The soft commodities you should buy now

As global food supplies become squeezed, softs get tastier as investments - but you need to choose carefully. Tim Bennett takes a closer look at softs and explains an easy way to gain exposure.

Rationing is something that we associate with the dark days of World War II. But it's still a reality for many parts of the developing world and the bad news is that the situation is likely to get worse in the near future.

Global food scarcity is such a problem that, as Javier Blas reports in the FT, Egypt has just widened its food rationing system for the first time in two decades. And Pakistan has re-introduced a system of ration cards that had not been needed since the mid-1980s. Meanwhile, Russia and China are trying to counter rising prices by putting price controls in place, while Argentina and Vietnam are imposing foreign sales taxes and export bans to protect their own supplies.

So why the sudden scramble for food? The problem is that global food supplies simply can't cope with the demands of a world population rising by 75 million people per year, containing more and more emerging-market consumers adopting increasingly Westernised, meat-heavy diets.

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On top of that are ill-advised biofuel targets imposed by the EU and US, which demand that foodstuffs such as grain be turned into energy-inefficient fuel making the planet hungrier rather than greener. It's no wonder JP Morgan reckons agriculture is "the most recession-proof of asset classes".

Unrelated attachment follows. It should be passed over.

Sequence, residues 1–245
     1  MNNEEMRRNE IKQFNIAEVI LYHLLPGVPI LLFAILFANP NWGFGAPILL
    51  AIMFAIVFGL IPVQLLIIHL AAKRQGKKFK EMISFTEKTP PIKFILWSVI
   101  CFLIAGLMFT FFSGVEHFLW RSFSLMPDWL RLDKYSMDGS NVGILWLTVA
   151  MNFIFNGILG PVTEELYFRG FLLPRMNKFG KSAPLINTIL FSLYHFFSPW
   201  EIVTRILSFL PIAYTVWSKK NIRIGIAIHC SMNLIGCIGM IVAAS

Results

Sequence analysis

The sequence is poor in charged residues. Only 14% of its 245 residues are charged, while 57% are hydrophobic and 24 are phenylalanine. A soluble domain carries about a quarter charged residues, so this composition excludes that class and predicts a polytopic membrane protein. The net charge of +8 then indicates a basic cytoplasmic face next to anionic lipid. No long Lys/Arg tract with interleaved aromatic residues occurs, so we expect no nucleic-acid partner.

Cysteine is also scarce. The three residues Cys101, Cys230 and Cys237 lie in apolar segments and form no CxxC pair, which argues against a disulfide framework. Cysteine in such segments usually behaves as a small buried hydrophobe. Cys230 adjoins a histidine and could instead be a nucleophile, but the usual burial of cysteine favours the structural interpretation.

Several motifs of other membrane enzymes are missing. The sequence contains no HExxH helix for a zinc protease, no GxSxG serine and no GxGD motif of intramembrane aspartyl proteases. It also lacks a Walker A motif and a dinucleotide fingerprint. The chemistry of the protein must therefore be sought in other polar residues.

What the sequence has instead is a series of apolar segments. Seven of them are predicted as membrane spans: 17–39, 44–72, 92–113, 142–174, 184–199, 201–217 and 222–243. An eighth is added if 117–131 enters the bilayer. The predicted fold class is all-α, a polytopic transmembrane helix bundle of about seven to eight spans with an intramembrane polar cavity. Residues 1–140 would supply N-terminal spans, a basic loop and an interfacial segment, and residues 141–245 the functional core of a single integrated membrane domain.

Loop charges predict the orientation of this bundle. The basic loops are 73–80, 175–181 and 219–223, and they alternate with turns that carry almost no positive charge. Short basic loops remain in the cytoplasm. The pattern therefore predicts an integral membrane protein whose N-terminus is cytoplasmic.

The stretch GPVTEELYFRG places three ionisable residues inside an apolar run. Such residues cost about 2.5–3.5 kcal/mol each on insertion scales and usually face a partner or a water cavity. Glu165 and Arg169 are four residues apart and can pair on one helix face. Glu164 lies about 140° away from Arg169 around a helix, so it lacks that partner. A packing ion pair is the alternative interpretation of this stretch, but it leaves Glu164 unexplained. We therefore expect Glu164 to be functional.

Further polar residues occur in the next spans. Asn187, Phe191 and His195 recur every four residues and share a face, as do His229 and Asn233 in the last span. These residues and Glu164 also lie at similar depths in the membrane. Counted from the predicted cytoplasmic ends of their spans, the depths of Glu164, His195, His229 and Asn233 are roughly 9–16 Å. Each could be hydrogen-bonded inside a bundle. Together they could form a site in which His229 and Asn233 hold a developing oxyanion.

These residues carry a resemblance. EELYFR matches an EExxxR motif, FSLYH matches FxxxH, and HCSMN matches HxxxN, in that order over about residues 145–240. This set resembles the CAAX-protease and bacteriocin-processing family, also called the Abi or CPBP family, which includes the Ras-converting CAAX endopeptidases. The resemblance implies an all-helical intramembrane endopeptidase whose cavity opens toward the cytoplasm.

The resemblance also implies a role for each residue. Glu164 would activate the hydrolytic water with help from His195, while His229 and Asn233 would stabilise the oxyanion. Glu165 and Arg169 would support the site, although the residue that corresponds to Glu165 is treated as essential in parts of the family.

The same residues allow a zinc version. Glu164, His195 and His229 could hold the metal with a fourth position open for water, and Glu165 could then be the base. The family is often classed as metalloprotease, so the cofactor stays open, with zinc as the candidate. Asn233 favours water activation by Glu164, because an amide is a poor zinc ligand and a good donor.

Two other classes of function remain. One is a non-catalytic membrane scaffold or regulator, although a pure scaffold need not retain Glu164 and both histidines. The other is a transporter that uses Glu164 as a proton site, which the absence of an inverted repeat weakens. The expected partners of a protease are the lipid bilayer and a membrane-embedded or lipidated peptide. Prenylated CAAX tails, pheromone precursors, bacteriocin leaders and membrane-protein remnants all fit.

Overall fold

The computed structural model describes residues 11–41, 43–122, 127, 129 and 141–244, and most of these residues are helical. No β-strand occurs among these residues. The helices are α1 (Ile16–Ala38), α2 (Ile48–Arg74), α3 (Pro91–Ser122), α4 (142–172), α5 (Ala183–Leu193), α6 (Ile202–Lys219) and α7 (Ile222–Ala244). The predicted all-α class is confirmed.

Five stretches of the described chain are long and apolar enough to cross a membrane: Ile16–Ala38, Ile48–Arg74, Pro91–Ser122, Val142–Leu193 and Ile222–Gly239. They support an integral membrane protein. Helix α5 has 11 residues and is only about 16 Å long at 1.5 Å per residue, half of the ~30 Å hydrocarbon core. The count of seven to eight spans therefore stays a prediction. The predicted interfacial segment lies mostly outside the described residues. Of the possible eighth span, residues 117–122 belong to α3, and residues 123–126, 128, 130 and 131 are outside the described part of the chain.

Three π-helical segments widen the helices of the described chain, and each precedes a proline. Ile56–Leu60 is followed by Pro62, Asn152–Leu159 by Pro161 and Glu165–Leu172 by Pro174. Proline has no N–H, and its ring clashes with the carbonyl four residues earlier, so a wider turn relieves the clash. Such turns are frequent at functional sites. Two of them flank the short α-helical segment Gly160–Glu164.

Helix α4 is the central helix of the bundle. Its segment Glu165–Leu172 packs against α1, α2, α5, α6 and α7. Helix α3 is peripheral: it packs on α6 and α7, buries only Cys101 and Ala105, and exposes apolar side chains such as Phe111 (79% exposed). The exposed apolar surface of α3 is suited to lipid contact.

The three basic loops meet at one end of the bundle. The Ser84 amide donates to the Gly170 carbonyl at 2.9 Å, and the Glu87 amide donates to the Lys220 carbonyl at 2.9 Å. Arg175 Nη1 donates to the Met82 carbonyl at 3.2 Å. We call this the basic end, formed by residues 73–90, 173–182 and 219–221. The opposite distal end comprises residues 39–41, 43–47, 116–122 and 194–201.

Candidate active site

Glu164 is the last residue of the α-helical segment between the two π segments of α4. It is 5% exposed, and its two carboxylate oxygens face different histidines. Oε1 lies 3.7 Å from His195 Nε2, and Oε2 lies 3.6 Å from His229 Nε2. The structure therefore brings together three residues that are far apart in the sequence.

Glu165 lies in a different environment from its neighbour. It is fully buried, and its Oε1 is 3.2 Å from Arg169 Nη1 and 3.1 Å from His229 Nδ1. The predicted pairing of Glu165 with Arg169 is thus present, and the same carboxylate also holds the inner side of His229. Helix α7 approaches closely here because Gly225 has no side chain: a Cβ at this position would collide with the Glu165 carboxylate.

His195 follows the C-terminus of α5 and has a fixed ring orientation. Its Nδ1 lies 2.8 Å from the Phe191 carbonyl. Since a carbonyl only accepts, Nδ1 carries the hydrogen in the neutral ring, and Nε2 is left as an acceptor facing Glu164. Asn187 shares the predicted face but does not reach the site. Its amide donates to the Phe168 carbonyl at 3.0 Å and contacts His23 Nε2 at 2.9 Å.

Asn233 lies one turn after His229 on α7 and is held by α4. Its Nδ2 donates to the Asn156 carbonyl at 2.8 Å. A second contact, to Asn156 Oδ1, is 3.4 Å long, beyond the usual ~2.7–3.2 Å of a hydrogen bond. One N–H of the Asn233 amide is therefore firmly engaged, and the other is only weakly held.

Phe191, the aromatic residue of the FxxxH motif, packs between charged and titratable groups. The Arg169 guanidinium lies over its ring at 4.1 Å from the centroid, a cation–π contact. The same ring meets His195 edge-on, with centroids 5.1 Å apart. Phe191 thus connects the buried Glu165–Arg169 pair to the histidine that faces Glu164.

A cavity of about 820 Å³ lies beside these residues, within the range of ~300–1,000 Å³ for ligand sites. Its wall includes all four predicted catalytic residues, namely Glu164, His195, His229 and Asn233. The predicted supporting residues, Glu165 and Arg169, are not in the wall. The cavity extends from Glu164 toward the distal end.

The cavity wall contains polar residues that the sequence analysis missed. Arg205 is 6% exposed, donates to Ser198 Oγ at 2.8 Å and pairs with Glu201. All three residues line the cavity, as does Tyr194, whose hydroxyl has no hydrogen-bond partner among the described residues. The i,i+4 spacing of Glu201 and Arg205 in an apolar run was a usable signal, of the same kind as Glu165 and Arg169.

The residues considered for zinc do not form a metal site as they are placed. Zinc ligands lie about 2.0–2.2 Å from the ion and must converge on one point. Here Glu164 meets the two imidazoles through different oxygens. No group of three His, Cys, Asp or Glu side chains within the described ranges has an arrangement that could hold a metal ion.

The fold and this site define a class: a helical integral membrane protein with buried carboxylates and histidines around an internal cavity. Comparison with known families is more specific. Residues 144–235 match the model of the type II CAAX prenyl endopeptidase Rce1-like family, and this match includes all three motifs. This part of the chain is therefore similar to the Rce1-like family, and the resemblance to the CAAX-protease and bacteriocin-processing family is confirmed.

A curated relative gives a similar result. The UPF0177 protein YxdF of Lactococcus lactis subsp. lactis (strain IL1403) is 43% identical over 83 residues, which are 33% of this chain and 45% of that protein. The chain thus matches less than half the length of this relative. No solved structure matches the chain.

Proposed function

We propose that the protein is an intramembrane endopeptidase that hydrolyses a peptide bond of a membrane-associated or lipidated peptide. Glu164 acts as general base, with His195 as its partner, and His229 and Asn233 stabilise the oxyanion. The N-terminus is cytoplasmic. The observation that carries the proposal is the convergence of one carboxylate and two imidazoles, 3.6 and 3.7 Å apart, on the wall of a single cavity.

That doesn't mean you should just pile into any agricultural (or soft') commodity you can find. Corn and wheat in particular have garnered a lot of column inches and now look dangerously close to bubble territory. But there are plenty of other options such as pork and beef, which have barely moved that look ready to play catch up. Here's a look at the softs and how you can play them.

Soft commodities: grains

Demand from biofuels is a major driver of most agricultural prices, but none more so than corn. The US Department of Agriculture (USDA) expects ethanol production to soak up about 30% of world supplies in the next two years, nearly double the current level, as the US struggles to meet President Bush's demands for a fivefold increase in the use of renewable fuels by 2022.

Bill Nelson of AG Edwards reckons that planting of corn for ethanol alone will need to rise by 43% to 30 million acres by 2015. And even though the USDA reckons there could be a record crop of 30 billion bushels this year, Merrill Lynch commodities strategist Francisco Blanch sees lots of further upside. "High prices seem to be here for the long-run" due to "growing structural imbalances" too much demand hitting dwindling stocks.

This prospect has sent corn prices soaring to more than $5 a bushel from just $1.74 in 2005. That and biofuel subsidies has in turn attracted more farmers to plant more corn. But for every extra acre of corn planted, an acre of something else is being sacrificed. This is driving the prices of other grains wheat and soybeans higher too.